Cancer diagnoses diminishes adherence to diabetes medications

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According to a new study published in the journal Diabetologia, patients with diabetes become less adherent to their antihyperglycemic medications after receiving a cancer diagnosis.

For the study, researchers sought to evaluate changes in adherence to antihyperglycemic medications used to treat diabetes after a diagnosis of cancer. Researchers identified 52,228 antihyperglycemic mediation users from the Eindhoven Cancer Registry-PHARMO Database Network in the Netherlands between 1998 and 2011. Of those, they identified 3,281 cases with cancer and 12,891 controls without cancer.

Results showed that before a cancer diagnosis, the medication possession ratio (MPR), an indicator for medication adherence, was increased by 0.10% per month. At the time of cancer diagnosis, researchers found that the MPR decreased by 6.3%, which continued to decline by 0.20% monthly thereafter.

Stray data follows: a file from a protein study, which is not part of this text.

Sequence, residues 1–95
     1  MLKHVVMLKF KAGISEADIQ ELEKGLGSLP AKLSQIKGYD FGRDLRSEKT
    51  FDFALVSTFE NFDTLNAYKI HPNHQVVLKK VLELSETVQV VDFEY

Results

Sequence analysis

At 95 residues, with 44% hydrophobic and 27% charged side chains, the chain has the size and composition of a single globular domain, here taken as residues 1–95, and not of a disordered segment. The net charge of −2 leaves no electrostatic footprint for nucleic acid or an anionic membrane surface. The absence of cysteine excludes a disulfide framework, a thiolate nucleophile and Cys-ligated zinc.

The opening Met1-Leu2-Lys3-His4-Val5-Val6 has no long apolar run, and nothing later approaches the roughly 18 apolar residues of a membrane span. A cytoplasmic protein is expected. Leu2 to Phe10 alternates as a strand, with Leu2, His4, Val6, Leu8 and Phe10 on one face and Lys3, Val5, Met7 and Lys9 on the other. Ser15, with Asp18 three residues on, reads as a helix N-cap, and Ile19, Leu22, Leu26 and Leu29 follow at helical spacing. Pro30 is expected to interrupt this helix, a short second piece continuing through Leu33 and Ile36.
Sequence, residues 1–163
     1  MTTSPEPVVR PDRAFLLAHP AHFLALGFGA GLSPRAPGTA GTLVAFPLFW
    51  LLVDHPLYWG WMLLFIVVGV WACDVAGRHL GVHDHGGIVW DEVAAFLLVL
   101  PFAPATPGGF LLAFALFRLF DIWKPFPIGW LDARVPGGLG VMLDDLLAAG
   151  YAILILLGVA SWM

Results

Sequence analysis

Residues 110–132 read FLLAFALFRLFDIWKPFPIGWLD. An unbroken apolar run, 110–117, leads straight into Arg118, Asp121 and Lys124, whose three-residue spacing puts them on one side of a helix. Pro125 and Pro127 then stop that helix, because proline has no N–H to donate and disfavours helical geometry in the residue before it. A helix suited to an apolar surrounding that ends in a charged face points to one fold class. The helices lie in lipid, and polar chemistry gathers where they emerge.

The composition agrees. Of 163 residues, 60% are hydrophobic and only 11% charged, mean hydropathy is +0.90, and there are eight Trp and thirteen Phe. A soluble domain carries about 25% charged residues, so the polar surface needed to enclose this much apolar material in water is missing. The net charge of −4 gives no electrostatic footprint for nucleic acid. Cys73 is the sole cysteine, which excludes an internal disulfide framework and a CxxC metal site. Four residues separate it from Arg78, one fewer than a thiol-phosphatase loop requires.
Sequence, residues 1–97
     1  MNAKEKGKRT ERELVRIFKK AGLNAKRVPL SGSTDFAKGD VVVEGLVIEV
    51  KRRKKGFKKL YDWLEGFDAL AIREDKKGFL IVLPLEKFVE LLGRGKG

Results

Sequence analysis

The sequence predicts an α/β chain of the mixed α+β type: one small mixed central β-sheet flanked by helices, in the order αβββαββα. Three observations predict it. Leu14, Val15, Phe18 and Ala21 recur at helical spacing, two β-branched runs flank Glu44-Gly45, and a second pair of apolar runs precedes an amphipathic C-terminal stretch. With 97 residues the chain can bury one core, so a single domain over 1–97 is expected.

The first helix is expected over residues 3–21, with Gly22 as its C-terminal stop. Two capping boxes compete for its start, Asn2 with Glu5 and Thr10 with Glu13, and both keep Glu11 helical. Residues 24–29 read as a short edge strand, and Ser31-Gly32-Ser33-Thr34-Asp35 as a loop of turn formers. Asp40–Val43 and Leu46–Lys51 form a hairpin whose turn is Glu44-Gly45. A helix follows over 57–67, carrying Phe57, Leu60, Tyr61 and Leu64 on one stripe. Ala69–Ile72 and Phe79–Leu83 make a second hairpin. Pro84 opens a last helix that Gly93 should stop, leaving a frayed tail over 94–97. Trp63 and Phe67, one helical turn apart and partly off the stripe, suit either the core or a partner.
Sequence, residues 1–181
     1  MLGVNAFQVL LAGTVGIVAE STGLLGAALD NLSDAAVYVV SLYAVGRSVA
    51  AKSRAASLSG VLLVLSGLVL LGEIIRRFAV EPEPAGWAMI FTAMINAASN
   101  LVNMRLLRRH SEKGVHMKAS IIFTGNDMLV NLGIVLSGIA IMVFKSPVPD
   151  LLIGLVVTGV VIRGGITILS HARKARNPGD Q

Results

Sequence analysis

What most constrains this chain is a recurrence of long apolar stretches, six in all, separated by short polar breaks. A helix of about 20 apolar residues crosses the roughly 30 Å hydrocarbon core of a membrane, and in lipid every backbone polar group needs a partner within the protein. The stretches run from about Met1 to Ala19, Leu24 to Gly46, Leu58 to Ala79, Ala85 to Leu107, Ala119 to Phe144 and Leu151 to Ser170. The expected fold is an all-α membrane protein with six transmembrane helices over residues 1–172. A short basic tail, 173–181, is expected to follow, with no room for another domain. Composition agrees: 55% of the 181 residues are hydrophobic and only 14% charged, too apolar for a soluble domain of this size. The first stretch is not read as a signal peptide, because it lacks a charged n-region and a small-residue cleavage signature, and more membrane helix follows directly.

Patients diagnosed with stage 4 cancer and those with gastroinestinal or pulmonary cancers had the largest declines in MPR. The initial 6% MPR decrease translates to a patient missing 2 days of their antihyperglycemic medications.

The findings suggest that a cancer diagnosis can diminish adherence to medications of patients' other chronic conditions.

Diabetes at midlife influences risk of diabetes and cognitive decline in later years
Patients with diabetes become less adherent to their antihyperglycemic medications after receiving a cancer diagnosis.
Diabetes patients become less adherent to their diabetes medications following a diagnosis of cancer, concludes a new study published in Diabetologia. The research is led by Marjolein Zanders, Netherlands Comprehensive Cancer Organisation, Eindhoven, the Netherlands, Jeffrey Johnson, School of Public Health, University of Alberta, Edmonton, Canada and colleagues.
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